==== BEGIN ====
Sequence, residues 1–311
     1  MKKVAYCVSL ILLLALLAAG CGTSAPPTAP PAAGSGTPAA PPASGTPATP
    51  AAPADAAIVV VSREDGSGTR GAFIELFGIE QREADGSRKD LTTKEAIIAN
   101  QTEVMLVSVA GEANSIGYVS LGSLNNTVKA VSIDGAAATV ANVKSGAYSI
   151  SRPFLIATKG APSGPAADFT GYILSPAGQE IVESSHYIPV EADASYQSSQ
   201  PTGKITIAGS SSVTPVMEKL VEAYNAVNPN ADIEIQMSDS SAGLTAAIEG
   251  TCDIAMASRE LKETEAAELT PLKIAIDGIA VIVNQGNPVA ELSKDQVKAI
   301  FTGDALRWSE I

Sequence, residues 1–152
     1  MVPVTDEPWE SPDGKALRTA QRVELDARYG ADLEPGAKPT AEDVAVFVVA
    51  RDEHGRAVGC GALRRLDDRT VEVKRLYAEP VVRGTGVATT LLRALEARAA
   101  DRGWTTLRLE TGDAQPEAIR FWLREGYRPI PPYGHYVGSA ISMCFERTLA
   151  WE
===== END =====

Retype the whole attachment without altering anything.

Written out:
Sequence, residues 1–311
     1  MKKVAYCVSL ILLLALLAAG CGTSAPPTAP PAAGSGTPAA PPASGTPATP
    51  AAPADAAIVV VSREDGSGTR GAFIELFGIE QREADGSRKD LTTKEAIIAN
   101  QTEVMLVSVA GEANSIGYVS LGSLNNTVKA VSIDGAAATV ANVKSGAYSI
   151  SRPFLIATKG APSGPAADFT GYILSPAGQE IVESSHYIPV EADASYQSSQ
   201  PTGKITIAGS SSVTPVMEKL VEAYNAVNPN ADIEIQMSDS SAGLTAAIEG
   251  TCDIAMASRE LKETEAAELT PLKIAIDGIA VIVNQGNPVA ELSKDQVKAI
   301  FTGDALRWSE I

Sequence, residues 1–152
     1  MVPVTDEPWE SPDGKALRTA QRVELDARYG ADLEPGAKPT AEDVAVFVVA
    51  RDEHGRAVGC GALRRLDDRT VEVKRLYAEP VVRGTGVATT LLRALEARAA
   101  DRGWTTLRLE TGDAQPEAIR FWLREGYRPI PPYGHYVGSA ISMCFERTLA
   151  WE